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Reddit’s WallStreetBets Founder on Robinhood restrictions: ‘It doesn’t make sense’

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Reddit’s WallStreetBets Founder Jaime Rogozinski joins Yahoo Finance Live to discuss Robinhood restricting transactions for GameStop, AMC and others.

Video Transcript

ZACK GUZMAN: Welcome into "Yahoo Finance Live." I'm Zach Guzman alongside Akiko Fujita, kicking off with big breaking news we're seeing play out in today's session as many brokers, including Robinhood, moved to restrict trading on some of the names we've seen. Retail investors piling into the likes of GameStop and AMC.

That news seeming to go the broader market into calmer territory today after we saw that big sell off yesterday, the Dow losing about 2% in yesterday's session. But today, the Dow up by about that same margin. Of course, we did get some big earnings results coming in from Facebook and Apple and Tesla perhaps playing their part as well.

But we really can't overstate the moves that we've seen play out in some of those retail favorites. As I said, GameStop down about 30% in today's session after we saw restrictions placed on that trading. AMC shares also down heavily in today's session as trading on AMC shares were restricted as well.

It's sparking a lot of chatter right now about how free the, quote unquote, "free market" may be here as we are seeing trading activity from a lot of retail investors restricted. Let's kick off the show there with a chat with the man behind the Reddit group that sparked a lot of this interest, not just in GameStop but a lot of these retail favorites here.

The man behind that Reddit WallStreetBets group joins us now Jaime Rogozinski, the WallStreetBets founder joins us. Jaime, thanks for hopping on to chat here today. Obviously, there's a lot to get into. But I guess we'll just start with, what do you make of the way that we are now seeing a lot of exchanges restricting some of the trades that you guys in your Reddit group talked about?

JAIME ROGOZINSKI: Yeah, you know, this is still developing news, and I've barely had a chance to really catch up to it. But it certainly does bring up that very question that you brought up, which is, how free exactly is the market? Why are the brokers taking action? What are the forces behind there?

Obviously, they're pressured under. It doesn't make sense for Robinhood to do something like that, given their target demographic. Makes sense for some of the other brokers. But the first question I have is, why did they do that? Where did that pressure come from? And those people are effectively now controlling the price of the market as well.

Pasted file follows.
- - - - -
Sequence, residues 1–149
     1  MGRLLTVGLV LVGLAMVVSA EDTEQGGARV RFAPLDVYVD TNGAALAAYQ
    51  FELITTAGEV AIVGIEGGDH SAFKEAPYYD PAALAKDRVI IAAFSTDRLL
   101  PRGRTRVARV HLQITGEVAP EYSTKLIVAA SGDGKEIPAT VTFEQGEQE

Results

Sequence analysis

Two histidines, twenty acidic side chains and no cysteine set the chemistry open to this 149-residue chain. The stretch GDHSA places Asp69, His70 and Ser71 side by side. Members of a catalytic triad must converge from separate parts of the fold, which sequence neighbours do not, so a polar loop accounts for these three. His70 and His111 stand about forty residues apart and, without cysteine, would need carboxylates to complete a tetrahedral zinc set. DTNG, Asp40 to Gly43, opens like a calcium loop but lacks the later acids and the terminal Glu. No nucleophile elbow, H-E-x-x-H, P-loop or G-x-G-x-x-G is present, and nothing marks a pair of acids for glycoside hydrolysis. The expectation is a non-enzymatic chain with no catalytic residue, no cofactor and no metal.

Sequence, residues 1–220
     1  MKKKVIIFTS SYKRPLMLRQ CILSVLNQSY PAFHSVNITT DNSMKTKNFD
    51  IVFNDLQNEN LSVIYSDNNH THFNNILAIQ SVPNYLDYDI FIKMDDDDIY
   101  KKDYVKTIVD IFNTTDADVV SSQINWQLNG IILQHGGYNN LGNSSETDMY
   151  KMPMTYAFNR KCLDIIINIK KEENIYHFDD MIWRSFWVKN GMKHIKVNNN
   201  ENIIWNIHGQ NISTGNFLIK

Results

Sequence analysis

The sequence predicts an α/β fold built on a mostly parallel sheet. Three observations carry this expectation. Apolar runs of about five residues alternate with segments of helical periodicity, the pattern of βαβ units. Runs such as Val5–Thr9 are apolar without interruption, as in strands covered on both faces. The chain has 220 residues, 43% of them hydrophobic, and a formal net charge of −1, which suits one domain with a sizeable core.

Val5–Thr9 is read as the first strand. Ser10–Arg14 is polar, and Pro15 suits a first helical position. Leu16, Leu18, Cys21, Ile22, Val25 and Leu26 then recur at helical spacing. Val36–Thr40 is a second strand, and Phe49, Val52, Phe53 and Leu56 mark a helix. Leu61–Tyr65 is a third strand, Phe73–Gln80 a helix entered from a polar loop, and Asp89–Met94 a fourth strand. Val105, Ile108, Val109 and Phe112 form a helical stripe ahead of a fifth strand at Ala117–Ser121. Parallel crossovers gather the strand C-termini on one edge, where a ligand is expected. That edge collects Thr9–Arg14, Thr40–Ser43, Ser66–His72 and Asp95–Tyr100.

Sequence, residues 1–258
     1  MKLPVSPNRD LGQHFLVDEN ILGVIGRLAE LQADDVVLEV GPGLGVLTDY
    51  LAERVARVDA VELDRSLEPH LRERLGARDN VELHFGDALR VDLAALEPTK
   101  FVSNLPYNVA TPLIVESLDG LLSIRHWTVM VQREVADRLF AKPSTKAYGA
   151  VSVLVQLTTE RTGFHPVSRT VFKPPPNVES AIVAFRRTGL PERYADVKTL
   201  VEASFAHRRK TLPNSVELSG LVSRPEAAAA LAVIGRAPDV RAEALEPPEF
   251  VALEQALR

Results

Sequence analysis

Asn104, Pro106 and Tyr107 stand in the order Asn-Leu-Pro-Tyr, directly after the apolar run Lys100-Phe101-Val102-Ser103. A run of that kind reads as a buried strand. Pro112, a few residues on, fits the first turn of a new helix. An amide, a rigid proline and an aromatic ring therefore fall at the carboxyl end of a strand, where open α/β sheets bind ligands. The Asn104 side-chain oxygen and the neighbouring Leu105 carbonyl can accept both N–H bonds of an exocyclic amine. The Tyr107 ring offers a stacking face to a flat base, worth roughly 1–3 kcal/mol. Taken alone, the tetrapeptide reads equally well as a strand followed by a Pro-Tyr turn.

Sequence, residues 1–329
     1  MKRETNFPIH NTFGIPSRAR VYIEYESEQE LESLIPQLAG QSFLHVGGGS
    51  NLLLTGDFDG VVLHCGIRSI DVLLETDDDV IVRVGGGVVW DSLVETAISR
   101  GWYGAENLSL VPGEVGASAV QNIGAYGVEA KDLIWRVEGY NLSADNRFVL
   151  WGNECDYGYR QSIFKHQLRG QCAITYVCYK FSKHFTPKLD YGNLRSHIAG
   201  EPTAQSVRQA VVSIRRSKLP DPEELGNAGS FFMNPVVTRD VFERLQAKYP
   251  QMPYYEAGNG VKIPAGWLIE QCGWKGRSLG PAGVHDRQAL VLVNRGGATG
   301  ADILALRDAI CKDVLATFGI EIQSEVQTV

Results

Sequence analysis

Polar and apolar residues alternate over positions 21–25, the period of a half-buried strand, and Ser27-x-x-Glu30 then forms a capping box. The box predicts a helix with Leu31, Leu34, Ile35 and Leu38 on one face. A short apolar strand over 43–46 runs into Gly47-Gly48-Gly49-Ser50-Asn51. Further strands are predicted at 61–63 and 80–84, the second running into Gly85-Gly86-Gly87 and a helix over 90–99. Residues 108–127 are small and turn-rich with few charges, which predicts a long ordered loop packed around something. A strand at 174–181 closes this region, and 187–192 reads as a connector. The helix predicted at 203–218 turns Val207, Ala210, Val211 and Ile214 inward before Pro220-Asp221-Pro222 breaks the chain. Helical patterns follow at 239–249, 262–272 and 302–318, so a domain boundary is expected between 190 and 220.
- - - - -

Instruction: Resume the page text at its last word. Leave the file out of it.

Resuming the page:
So how free is it? That's an excellent question.

AKIKO FUJITA: Jaime, you indicated in an interview that you gave to another outlet about that this has kind of grown well beyond what you initially anticipated. And I'm wondering when you initially set up this feed, what was the motivation?

JAIME ROGOZINSKI: You know, when I first started the forum back in 2012, I was really looking for a place for people that wanted to take high risk, high return trades in a way that they can learn about, that they were unapologetic about the fact that they were taking risk. And really, it was just hoping to talk about a different use for the stock market. Certainly didn't expect for it to balloon the way that it did.

ZACK GUZMAN: Yeah, and Akiko and I were talking about it yesterday. I mean, you look at some of the thesis, the fundamental analysis that was going on there, particularly among one of your users talking about the GameStop short squeeze. And seeing this now play out, it seems odd.

Did you expect maybe as much of backlash to what we're seeing now with the exchanges talking about needing to protect users from some of the trades that seem to have a lot of fundamental analysis behind it?

JAIME ROGOZINSKI: You know, we've had this kind of thing happen before. It's not the first time. About a year ago, the exact same thing happened, obviously on a much smaller scale and didn't get this type of attention. So it's not necessarily new.

But I do start questioning this-- I understand the role of the regulators trying to protect the investors, and certainly, they do need protection. That's what they're there for. But I think the majority of the people that we're talking about that are involved in these types of trades, using the word investor doesn't have any place in this conversation.

They're making these bets and they're betting that this thing is going to go up and not buying the shares. A lot of these moves are caused because of the stock options that they're buying, which, by definition, is a very short-term play. And as soon as this bubble bursts, as people are calling it, I have zero doubt they're going to switch their bets to making the stock-- you know, they're going to be betting that the stock price is going to go down.

And they'll most likely make money in that direction as well, you know? It's harder protecting those individuals. I don't know that they need protection. I think they know full well that what they're doing is gambling, and they're perfectly fine with losing whatever money they're placing into these bets.

AKIKO FUJITA: So you don't think the SEC should be stepping in at all?

JAIME ROGOZINSKI: No, no, that's not what I said. The SEC definitely has a role for protecting investors. I'm just saying the people that are doing a lot of the people behind this particular move that are driving this price up are not investors. The SEC definitely has a role in the place. I don't envy their position because their job is to make sure that things are functioning properly. What we're seeing today is anything but.